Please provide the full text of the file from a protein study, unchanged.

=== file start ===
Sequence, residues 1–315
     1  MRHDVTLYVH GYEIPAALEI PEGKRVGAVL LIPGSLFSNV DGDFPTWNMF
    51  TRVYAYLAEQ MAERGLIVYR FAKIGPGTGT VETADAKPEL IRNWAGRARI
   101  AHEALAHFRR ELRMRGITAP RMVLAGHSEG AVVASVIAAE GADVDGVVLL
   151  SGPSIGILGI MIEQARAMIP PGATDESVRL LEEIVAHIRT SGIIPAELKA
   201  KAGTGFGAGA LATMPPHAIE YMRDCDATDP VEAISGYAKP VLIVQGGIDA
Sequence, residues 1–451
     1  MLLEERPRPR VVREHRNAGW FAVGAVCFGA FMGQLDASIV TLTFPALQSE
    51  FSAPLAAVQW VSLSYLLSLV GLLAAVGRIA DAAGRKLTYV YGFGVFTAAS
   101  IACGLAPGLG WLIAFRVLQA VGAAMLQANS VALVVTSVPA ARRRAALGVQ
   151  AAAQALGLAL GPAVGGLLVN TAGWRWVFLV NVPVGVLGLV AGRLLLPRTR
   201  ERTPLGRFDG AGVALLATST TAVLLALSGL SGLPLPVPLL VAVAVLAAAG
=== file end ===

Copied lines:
Sequence, residues 1–315
     1  MRHDVTLYVH GYEIPAALEI PEGKRVGAVL LIPGSLFSNV DGDFPTWNMF
    51  TRVYAYLAEQ MAERGLIVYR FAKIGPGTGT VETADAKPEL IRNWAGRARI
   101  AHEALAHFRR ELRMRGITAP RMVLAGHSEG AVVASVIAAE GADVDGVVLL
   151  SGPSIGILGI MIEQARAMIP PGATDESVRL LEEIVAHIRT SGIIPAELKA
   201  KAGTGFGAGA LATMPPHAIE YMRDCDATDP VEAISGYAKP VLIVQGGIDA
Sequence, residues 1–451
     1  MLLEERPRPR VVREHRNAGW FAVGAVCFGA FMGQLDASIV TLTFPALQSE
    51  FSAPLAAVQW VSLSYLLSLV GLLAAVGRIA DAAGRKLTYV YGFGVFTAAS
   101  IACGLAPGLG WLIAFRVLQA VGAAMLQANS VALVVTSVPA ARRRAALGVQ
   151  AAAQALGLAL GPAVGGLLVN TAGWRWVFLV NVPVGVLGLV AGRLLLPRTR
   201  ERTPLGRFDG AGVALLATST TAVLLALSGL SGLPLPVPLL VAVAVLAAAG